Dozens of gambling-related crimes over two years in Merseyside

Merseyside Police recorded dozens of crimes related to gambling over two years, figures show.

Merseyside Police recorded dozens of crimes related to gambling over two years, figures show.

Online gambling has boomed over the past few years – the Gambling Commission estimates there were 13.4 million players across Great Britain in 2021, up from 12.1 million the year before.

While the vast majority of players do so responsibly, 'problem' gambling has been linked to a range of crimes such as theft, assault and criminal damage, according to figures obtained through Freedom of Information requests by penal reform charity the Howard League.

Most Popular

502 Bad Gateway

502 Bad Gateway

They show 52 gambling-related crimes were logged by Merseyside Police in 2019 and 2020.

The charity asked forces across England how many crimes were tagged with the word 'gambling' over this period.

Lord Goldsmith QC, the chair of the Commission on Crime and Gambling Related Harms, said that despite a mounting body of evidence linking gambling and crime, "too little is being done within the criminal justice system to address the issue".

Identifying gambling addiction, and providing sufferers with the right support and information, is crucial to mitigating the harms done by gambling, the Howard League said.

It found that Merseyside Police were among the minority of forces that routinely screens offenders on their gambling habits at the time of the FOI request in the spring of 2021.

According to the charity's report, four in 10 forces are not taking enough action on the impacts of gambling, and just two in 10 routinely screen those in custody on their gambling habits.

Dominique Webb, head of programmes at the gambling support charity Gamcare, said the link between gambling-related harms and crime is "increasingly clear".

She said the charity has been training staff in the criminal justice system on how to identify those suffering from gambling addiction and direct them to treatment.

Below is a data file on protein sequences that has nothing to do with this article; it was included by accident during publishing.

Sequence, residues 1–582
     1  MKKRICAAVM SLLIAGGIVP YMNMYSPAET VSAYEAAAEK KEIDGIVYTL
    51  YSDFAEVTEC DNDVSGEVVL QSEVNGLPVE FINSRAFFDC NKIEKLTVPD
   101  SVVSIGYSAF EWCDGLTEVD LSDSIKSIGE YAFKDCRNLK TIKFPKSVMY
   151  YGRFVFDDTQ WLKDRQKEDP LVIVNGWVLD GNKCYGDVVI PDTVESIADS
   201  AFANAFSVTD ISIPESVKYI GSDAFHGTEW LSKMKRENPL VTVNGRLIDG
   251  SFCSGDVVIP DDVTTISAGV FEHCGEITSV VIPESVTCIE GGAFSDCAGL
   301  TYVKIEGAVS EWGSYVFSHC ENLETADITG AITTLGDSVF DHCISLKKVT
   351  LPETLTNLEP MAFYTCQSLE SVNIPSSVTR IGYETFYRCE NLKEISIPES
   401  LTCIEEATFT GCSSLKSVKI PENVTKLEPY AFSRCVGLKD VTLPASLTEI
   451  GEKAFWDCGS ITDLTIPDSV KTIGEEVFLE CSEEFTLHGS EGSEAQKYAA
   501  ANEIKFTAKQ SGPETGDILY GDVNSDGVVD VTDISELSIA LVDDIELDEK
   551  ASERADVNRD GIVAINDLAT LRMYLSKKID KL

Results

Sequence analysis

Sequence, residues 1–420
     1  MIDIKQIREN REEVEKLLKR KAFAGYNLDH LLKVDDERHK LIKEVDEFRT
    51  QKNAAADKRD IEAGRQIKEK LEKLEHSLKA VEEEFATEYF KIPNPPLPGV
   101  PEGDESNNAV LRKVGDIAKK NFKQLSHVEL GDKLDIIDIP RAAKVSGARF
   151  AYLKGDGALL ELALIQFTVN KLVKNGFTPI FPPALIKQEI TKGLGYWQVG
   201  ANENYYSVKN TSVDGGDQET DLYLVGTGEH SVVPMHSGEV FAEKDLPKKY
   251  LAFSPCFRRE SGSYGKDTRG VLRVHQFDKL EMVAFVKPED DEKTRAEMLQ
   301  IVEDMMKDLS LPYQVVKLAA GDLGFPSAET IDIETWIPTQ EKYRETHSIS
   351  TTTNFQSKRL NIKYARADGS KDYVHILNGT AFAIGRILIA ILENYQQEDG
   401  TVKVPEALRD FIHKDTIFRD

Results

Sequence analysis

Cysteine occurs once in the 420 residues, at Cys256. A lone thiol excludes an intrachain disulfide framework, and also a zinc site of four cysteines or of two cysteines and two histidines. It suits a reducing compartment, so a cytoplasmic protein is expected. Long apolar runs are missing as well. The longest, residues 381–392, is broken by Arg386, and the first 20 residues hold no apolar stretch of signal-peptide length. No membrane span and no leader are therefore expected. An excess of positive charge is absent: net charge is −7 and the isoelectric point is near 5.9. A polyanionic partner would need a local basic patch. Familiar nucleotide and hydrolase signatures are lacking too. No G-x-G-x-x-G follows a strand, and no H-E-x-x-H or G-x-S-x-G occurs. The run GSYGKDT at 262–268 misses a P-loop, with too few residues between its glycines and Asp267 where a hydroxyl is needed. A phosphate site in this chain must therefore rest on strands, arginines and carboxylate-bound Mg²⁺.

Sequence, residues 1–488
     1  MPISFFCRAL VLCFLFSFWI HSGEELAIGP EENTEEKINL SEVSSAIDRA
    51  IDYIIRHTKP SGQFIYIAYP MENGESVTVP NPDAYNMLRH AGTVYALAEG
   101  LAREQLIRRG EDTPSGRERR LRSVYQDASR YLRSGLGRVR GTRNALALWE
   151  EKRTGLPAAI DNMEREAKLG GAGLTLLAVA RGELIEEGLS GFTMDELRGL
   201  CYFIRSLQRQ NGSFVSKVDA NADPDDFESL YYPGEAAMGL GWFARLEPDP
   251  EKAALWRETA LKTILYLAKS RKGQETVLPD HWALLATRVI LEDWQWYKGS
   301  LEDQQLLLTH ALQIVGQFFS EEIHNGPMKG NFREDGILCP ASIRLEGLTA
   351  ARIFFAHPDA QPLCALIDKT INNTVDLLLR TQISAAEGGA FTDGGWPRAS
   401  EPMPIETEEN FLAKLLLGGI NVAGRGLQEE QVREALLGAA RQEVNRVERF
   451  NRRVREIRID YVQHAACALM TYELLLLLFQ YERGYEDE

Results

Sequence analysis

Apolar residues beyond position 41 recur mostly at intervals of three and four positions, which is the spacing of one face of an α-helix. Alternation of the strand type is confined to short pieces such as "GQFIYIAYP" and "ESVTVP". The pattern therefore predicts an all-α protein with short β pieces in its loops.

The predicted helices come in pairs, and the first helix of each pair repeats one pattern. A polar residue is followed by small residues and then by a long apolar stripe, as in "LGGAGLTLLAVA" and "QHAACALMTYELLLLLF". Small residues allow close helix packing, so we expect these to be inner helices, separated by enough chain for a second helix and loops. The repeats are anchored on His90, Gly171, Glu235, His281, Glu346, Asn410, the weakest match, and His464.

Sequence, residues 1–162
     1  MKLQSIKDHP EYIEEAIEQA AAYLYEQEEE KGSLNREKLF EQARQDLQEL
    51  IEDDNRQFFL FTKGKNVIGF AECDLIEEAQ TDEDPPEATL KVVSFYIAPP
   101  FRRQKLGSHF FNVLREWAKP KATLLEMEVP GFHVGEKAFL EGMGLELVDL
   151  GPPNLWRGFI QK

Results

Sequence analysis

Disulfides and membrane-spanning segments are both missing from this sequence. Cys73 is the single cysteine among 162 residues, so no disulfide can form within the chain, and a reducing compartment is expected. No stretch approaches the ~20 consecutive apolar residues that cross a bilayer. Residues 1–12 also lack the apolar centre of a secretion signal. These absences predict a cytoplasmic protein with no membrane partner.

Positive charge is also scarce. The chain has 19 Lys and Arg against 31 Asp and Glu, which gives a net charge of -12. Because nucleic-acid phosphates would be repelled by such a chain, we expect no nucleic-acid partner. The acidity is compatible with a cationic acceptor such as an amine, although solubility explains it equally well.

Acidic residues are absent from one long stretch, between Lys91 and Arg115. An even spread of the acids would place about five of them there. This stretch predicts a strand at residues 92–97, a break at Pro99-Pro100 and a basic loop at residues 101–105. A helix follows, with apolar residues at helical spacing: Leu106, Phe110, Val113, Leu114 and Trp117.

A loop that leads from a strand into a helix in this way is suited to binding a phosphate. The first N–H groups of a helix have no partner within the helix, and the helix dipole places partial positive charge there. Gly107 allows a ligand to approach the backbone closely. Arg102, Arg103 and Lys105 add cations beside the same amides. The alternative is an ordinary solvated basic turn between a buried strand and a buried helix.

Last September, Public Health England estimated there over 2.2 million people who could be classed as problem gamblers, or were at risk of addiction.

The most common gambling-related offence in Merseyside was violence against the person, with 24 counts across 2019 and 2020.

Of the nearly 3,000 crimes recorded by the 37 police forces which provided data across England and Wales, this was the most common type of offence, with 1,291 incidents.

This was followed by theft, with 688 incidents, and criminal damage, with 206.

Several police forces did not submit useable data, including the Met and West Midlands Police – the two largest forces in England – Cumbria, Dyfed-Powys, Hampshire, Lancashire, Staffordshire and Wiltshire.

Chief constable Steve Jupp, the National Police Chiefs' Council's lead for serious and organised crime said police forces are working with various groups to improve how the police deal with gambling.

"It is important for policing to recognise the signs early when dealing with someone through the criminal justice process so that the best support is offered to those with a gambling addiction," he said.

"We recognise there is still work to be done in this field and are gathering best practice from forces on early screening of gambling addicts, offering the right support and signpost to where they can seek further help."